“Each strategic goal will have a project leader and will benefit from input from a group of stakeholders who will also receive reports and help to make us accountable. 

“We have a system for reviewing performance data and are currently consulting on a set of national targets for improving academic standards, year on year.” He added that technical and vocational education should also be a priority for the next government. 

“This would mean expanding the apprenticeship offerings modelled after the very successful Superior Auto Training Programme and offering accredited TechVoc programmes in electrical, plumbing, HVAC and carpentry,” he told Chamber magazine last month. 

He said government would need to work with the private sector to ensure a work experience element could be involved in these programmes. 

Independent candidate Winston Connolly has outlined his views on education. He believes more needs to be done to prepare Caymanian schoolchildren for the workplace. 

He has called for an end to social promotion – the practice of advancing children from one academic year to the next with their peers, regardless of results. 

And he wants to see international assessment standards for Caymanian students. 

He said: “When our young people leave school they are competing against other young people in a global, multicultural environment.  

“We are fortunate to have a multicultural society and our schools, both public and private, should be representative of this diversity.  

“This will not only prepare our young people for the global marketplace in which they will live and work, but also foster better understanding and tolerance of each other through their student experience. It will also strengthen our community ties thorough diverse parent participation in school activities.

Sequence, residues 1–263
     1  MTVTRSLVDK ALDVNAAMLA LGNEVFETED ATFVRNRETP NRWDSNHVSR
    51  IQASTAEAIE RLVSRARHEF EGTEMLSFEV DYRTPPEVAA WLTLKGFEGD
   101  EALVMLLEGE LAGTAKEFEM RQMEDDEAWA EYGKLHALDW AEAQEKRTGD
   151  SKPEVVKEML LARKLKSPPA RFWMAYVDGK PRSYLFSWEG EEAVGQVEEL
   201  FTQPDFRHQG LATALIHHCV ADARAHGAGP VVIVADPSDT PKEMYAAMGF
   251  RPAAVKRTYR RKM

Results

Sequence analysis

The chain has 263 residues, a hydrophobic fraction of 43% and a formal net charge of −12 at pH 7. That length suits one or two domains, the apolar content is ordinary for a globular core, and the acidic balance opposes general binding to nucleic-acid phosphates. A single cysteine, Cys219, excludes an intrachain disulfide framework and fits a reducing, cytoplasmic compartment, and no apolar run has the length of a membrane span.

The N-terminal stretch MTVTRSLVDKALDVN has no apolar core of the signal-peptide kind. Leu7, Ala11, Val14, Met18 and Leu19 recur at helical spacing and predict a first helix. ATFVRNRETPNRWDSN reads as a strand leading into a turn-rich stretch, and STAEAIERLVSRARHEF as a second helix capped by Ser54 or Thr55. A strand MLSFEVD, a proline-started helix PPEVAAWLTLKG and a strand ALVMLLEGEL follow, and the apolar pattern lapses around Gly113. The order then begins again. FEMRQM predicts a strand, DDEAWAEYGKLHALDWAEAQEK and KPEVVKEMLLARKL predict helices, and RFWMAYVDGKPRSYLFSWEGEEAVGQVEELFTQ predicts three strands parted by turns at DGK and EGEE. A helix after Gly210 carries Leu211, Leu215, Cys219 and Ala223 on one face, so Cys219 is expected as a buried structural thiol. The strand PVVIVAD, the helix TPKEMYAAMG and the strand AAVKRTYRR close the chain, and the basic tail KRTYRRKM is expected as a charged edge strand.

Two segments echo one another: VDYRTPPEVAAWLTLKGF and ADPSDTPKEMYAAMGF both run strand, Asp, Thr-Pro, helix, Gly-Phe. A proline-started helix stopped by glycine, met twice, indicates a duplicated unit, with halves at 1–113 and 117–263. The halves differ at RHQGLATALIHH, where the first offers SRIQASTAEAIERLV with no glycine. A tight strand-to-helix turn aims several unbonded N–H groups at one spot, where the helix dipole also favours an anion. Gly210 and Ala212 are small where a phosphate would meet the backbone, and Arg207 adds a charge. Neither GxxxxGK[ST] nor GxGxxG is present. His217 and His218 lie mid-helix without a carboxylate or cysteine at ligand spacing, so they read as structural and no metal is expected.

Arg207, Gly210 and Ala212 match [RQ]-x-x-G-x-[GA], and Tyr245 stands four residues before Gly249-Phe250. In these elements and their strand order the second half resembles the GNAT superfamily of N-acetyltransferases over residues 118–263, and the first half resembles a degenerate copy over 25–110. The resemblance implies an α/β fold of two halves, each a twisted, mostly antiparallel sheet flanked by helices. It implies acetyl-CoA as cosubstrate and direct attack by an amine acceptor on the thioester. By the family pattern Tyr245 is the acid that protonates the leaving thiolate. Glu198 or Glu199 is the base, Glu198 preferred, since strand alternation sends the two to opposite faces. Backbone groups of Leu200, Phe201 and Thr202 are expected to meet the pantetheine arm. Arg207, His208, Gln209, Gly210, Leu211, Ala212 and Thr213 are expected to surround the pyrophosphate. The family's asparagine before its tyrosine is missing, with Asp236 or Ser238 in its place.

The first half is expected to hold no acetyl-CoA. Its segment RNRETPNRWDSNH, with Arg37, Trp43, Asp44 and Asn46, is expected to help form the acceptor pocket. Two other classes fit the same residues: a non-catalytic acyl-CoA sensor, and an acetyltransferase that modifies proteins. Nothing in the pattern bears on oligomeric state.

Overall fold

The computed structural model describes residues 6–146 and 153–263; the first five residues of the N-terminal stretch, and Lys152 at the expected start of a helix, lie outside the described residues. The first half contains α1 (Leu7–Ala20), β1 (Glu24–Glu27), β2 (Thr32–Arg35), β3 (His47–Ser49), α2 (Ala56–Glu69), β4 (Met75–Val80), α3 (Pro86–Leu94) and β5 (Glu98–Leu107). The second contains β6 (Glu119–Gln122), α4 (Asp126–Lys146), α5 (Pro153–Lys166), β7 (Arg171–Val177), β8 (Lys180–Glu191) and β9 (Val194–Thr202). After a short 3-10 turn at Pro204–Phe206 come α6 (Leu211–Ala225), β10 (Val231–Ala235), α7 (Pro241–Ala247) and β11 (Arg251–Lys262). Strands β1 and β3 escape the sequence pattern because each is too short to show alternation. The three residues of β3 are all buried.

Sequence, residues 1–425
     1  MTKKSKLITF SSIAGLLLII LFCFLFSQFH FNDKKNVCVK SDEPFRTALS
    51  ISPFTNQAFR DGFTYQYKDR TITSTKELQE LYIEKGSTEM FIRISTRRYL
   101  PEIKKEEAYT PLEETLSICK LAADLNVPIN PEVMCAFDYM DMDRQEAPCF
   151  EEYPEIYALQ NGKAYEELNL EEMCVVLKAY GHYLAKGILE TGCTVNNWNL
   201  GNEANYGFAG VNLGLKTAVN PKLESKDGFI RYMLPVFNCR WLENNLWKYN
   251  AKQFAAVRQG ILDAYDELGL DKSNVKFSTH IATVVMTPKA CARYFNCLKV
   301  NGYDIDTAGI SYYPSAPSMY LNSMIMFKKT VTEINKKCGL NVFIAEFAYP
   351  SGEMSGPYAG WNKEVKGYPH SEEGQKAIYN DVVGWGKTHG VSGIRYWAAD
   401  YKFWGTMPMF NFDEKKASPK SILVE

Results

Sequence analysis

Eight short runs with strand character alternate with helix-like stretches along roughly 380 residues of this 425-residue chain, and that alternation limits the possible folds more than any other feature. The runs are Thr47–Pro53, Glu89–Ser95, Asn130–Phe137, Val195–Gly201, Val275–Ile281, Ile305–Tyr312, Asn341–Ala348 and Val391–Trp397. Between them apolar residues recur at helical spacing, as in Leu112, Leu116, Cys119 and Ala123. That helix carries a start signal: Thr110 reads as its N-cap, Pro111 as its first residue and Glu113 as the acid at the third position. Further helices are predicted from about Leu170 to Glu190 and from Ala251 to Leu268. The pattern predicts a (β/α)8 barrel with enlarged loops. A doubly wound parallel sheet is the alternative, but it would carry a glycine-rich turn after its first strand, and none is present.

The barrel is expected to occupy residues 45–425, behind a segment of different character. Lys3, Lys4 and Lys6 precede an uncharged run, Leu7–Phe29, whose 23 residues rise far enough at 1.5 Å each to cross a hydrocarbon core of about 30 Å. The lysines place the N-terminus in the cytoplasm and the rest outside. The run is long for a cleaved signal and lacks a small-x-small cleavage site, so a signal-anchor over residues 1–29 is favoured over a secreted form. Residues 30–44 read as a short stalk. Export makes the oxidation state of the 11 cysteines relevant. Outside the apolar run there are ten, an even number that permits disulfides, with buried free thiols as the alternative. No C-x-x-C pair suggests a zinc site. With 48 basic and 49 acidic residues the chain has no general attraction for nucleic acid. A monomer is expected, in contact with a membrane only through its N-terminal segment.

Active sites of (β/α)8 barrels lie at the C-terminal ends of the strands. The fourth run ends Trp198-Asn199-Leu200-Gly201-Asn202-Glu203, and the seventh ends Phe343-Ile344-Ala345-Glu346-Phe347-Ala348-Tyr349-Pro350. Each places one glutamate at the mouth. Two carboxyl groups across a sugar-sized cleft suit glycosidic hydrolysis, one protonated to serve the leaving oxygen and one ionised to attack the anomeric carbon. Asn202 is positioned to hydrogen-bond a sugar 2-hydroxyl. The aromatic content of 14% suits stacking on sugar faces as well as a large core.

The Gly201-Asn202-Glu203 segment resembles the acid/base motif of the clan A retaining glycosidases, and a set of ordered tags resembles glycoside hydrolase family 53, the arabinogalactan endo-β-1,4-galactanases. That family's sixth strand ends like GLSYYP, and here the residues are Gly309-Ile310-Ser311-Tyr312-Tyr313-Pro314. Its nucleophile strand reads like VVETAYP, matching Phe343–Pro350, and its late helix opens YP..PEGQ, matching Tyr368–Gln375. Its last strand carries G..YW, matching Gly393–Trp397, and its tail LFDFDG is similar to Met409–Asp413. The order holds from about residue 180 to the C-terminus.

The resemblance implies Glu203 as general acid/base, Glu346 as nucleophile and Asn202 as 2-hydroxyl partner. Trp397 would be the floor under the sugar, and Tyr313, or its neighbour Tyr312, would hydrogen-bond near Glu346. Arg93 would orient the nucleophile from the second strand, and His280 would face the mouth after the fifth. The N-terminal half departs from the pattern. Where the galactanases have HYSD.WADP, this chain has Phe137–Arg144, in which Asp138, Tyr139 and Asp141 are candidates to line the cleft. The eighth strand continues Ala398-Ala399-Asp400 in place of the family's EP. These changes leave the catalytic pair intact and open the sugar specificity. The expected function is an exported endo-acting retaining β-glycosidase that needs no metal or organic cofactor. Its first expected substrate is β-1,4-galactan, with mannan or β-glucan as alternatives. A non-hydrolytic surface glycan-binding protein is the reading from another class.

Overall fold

“Our young people need to be made aware of, and to be proud of, their Caymanian culture and history and national educational standards are an important part of this process.  

“While we might have national standards however, we also need to subscribe to an internationally accredited system that will allow our young people upon graduation to compete in the global arena. 

“At a tertiary level, we need support, strengthen and promote existing trade schools that train Caymanian students who wish to follow these vocations. Careers counsellors in schools need to be supported so that they can work with our students to help them identify which careers might be best for them based on their strengths and what they enjoy doing. For all students, any learning challenges should be identified and addressed at a very early age so as to support each student’s development.” 


  1. These ideas have always seemed to me to be a no-brainer and yet they have never been fully done and it has always puzzled me.
    It goes with a country with 1000s unemployeed yet foreign labor is brought in to fill jobs.
    Make sense to you?

  2. @Panama_jack: No, it makes no sense to me.. Social promotion in our schools has not helped our children to compete with the imported skill-set coming from countries with the ability to launch space ships either. If I remember correctly, our research and development was at a cat-boat stage, and I have heard pleas from that fading knowledge bank for help in passing on the know-how. I suggest some part of the vocational training should be green energy production.